The Allegheny Film and Television club hosted the college’s first 48 Hour Film Festival since 2013 this weekend. The event began Friday, Feb. 3, in the Vukovich Center for Communication Arts, where the teams gathered to receive the official rules of the competition as well as some words of encouragement from the AFTV members who organized the festival.
AFTV’s first major event brought together students from inside and outside the video production realm, first-year seminar courses, Union Latinx and other clubs, dorm halls, international students and friends.
The teams had 48 hours, starting at 5 p.m. Friday, Feb. 3 and ending at 5 p.m. Sunday, Feb. 5 to write, film and edit a short piece to be screened at Sunday evening’s closing celebration, a film production challenge that induced creativity as well as sleep deprivation for many teams that worked late.
According to the 48 Hour Film Project website, the festival is part of a global movement launched in 2001. It is dedicated to encouraging people to connect with one another and realize the imaginative power of film.
River Branch, associate professor of communication arts and adviser to AFTV, emphasized the significance of Allegheny’s festival, as it is just one of places to hold the 48 Hour Film Project. She said that within the Great Lakes Colleges Association, Allegheny is fortunate to have the capacity to hold such a festival.
“Only a little over half of GLCA schools even have video production programs,” Branch said.
So students of varying levels of experience had a notable opportunity to create, if only briefly, within the world of filmmaking, but the festival also marked a new era for film and television groups on campus.
AFTV was revived earlier this academic year as an integration of two former campus groups: Allegheny Film Union and Allegheny College Television. After the dissipation of AFU and ACTV, students reformed the two groups into Allegheny Film and Television.
AFTV Co-Presidents Amy Currul, ’17, and Kassandra Kyriakis, ’17, took the lead on reviving the 48 Hour Film Festival.
Fifteen teams presented films on Sunday, with themes ranging from feline comedy to the paranormal. But they were all required to feature two curious elements: a pink rubber duck and a glowstick.
“AFTV board members thought, ‘How random can we go with this to make people be creative?’” said AFTV treasurer Gina Checchio, ’17.
The two props, along with the line, “And that was the last time we ever saw him/her/they,” were required elements for the filmmakers, in addition to the restriction of doing all the work during the allotted 48 hours.
Many of the groups planned to implement some form of structure: conceive the idea on Friday, shoot on Saturday, and edit until the submission deadline on Sunday.
From the start, teams anticipated some—or perhaps a lot—of deviation from that structure.
“I’m sure there’ll be scrambling that won’t be planned,” said Emma Rockenbeck, ’18, a member of the team Pacific Productions.
While the general scramble was a common thread from team-to-team, the conceptual decisions were diverse.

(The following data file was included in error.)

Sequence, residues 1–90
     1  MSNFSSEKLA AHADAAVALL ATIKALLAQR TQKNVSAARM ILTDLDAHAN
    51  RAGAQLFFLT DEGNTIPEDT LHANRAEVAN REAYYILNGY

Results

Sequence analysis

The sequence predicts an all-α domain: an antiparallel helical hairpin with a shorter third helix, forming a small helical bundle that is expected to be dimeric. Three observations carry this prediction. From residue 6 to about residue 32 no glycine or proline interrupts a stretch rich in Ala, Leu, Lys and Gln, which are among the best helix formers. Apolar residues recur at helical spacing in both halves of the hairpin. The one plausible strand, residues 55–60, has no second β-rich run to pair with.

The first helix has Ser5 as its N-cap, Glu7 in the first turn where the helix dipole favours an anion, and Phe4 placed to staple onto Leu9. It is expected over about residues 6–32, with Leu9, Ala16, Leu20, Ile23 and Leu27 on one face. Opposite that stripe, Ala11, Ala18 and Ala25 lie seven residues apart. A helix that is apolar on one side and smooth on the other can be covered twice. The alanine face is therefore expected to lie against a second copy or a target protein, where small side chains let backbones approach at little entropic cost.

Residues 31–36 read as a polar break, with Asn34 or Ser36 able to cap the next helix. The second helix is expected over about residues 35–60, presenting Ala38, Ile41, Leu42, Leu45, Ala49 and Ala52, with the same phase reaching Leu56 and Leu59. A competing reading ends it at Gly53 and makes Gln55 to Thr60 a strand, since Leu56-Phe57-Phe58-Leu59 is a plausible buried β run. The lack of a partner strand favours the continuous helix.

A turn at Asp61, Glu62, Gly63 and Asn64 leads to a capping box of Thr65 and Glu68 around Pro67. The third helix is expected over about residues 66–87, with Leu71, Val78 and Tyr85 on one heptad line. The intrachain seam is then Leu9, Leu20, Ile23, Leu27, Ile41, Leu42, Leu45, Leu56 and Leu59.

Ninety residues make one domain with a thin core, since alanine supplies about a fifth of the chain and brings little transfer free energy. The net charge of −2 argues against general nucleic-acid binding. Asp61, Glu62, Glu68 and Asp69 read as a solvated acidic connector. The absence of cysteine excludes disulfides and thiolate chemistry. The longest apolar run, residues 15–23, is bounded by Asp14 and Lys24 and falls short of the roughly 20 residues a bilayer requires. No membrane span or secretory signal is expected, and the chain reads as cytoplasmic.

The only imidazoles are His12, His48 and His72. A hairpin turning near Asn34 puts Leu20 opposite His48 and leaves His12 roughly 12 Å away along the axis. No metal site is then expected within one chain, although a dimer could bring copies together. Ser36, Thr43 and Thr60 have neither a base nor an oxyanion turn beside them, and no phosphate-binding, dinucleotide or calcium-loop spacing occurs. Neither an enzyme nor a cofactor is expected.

Pacific Productions, winners of Best Use of Props, presented, “The Pond,” in which Dipto Mukherjee, ’19, was instructed by an electronic version of the pink duck to “find the light” before the locked room went dark. The piece ended with the glowstick illuminating Mukherjee’s face.
More comedic films included Cat Cinema’s “50 Years of Cat Cinema,” and French Toast Mafia’s “Looking for Love.”
Dorm of the North’s “Keanu’s Journey” stood out to win the Audience Choice award. The character of Keanu, an overzealous Allegheny student, made it all the way to Woodcock Dam, some four miles from campus, trying to find her classroom.
An out-of-breath Keanu finally made it to class at the end of the film, and laughter erupted from the audience. Vanessa Carlton’s “A Thousand Miles” played as the credits rolled.
The Best of the Fest award honored Oldies But Goodies’ “Barefoot in the Woods.”
Perhaps the most thrilling film of the evening, “Barefoot in the Woods” opened with radio dialogue describing mysterious disappearances. By the end of the film, two individuals and a car had disappeared within a wooded area, leaving the audience with a frightening image of a woman’s blood-stained mouth and face.
Such variety made for a compelling evening and satisfied The 48 Hour Film Project’s purpose of cultivating imagination.
Currul and Kyriakis expressed their appreciation for campus support and participation, especially considering Super Bowl festivities had begun before they had completed screening the films and giving awards.
“I’m so proud that everyone showed up and made really great films. I’m always impressed with people with little production experience and what they can come up with,” Currul said.
Because most of the participants had “little production experience,” their motives seemed to be rooted in discovery, rather than the rigidity of a course assignment.
One of the best parts of the event was to see how much work people put in for fun, Kyriakis said.
“I feel good graduating knowing that this will continue on,” Kyriakis said. “I think that Allegheny College film has a presence on campus again.”